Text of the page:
In 1810 Richard met and married a young Penobscot Indian woman, and together they had three children and she assisted him with the show. They performed in New England, Canada and New York, even venturing to the Deep South. Magic acts performed by Asians and Africans were very successful because of the lingering belief of the public in “real magic” from mystical and exotic parts of the earth. Potter, the consummate showman, took advantage of these folk beliefs and gave his audiences what they wanted—mystery, exoticism and a really good show. In 1817, during the depression of 1815–20, he was confident enough to increase his admission to a dollar, at a time when an unskilled laborer earned about fifty cents per day! Richard with his mulatto coloring often performed with a turban, passing as a Hindu or a West Indian which added to his mystique, and he was often referred to as the “Black Yankee.” Once in Mobile, Alabama, he and Sally were refused lodging at an inn due to prejudice among locals, so they left with their takings of $4,800 (or $5,5000 in today’s money) for their next venue via a different route.
In 1814, as a result of his financial success, Richard Potter purchased a 175-acre farm in Andover, New Hampshire where he built a lavish mansion and entertained regular guests. Once during dinner, his guests complained about alcohol being served, so Richard broke a bottle and produced a chicken, and with his vent skill made the chicken ‘speak.’ His guests soon left bewildered and amazed.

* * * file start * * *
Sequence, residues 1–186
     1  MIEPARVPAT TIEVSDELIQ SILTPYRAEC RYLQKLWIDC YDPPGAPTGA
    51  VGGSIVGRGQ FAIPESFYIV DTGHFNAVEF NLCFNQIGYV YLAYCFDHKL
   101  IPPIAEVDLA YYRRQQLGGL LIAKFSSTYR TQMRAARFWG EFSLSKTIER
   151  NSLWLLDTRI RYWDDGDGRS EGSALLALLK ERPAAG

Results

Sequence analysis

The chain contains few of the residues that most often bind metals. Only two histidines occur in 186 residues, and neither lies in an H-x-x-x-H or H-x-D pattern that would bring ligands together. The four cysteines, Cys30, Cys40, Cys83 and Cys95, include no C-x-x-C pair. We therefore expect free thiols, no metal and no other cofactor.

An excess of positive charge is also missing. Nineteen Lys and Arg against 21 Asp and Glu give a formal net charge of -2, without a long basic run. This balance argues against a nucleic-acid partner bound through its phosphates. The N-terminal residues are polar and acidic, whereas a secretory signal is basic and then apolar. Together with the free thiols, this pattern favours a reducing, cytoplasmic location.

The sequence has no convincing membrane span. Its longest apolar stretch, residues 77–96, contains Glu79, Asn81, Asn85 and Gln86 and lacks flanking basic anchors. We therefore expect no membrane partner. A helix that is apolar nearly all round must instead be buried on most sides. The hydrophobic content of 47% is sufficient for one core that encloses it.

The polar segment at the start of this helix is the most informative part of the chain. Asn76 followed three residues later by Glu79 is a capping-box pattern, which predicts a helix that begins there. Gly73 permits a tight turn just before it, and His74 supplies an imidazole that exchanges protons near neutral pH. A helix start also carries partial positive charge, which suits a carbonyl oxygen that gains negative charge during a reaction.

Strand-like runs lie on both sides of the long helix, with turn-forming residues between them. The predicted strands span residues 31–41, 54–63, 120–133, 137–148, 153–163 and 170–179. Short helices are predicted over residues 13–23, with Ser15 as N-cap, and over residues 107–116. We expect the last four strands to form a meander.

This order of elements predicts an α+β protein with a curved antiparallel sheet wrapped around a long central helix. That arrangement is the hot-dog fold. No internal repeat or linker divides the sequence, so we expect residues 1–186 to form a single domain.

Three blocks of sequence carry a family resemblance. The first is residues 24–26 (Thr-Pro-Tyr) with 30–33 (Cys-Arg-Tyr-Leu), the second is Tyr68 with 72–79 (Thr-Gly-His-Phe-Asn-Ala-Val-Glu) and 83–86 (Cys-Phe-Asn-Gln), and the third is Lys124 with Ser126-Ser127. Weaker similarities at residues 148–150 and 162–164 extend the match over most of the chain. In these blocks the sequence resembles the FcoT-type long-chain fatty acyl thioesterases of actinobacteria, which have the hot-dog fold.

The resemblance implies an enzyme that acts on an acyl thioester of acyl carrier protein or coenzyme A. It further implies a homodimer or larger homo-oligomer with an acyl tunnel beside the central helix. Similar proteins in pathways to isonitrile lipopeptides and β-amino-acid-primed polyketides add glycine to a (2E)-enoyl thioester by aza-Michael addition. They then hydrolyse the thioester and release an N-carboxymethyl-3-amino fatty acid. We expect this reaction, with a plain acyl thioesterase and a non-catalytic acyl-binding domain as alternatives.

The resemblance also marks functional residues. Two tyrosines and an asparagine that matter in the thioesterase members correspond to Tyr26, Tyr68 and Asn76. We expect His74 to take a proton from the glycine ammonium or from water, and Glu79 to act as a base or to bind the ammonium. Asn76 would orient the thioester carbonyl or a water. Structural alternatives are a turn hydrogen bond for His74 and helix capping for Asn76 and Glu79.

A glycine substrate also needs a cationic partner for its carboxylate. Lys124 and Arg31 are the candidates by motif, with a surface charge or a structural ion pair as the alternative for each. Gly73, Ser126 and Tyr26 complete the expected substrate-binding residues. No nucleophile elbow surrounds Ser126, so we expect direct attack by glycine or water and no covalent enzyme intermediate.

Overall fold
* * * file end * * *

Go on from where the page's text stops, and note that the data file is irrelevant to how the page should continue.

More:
Richard Potter named his farm and home ‘Potter Place’ and the name is retained to this day, as is the quaint train station. The International Brotherhood of Magicians Ring 166 in Manchester, New Hampshire is known as ‘The Black Richard Ring’ in his remembrance. Towards the end of his career, Richard Potter put aside his magic in preference for ventriloquism at which he had great skill. He died on September 20th 1835 at age 52. Strangely enough, in keeping with his life and eccentricity, Potter requested that he be buried in a standing position. His wishes were granted and he was buried upright. He and Sally lie buried in a small plot in what was once the Potter Place Estate. As a testament to his fame and reputation as the first native-born American magician and ventriloquist, his small town was named after him. It was a national tribute to a wonderful performer and an important figure in the history of magic.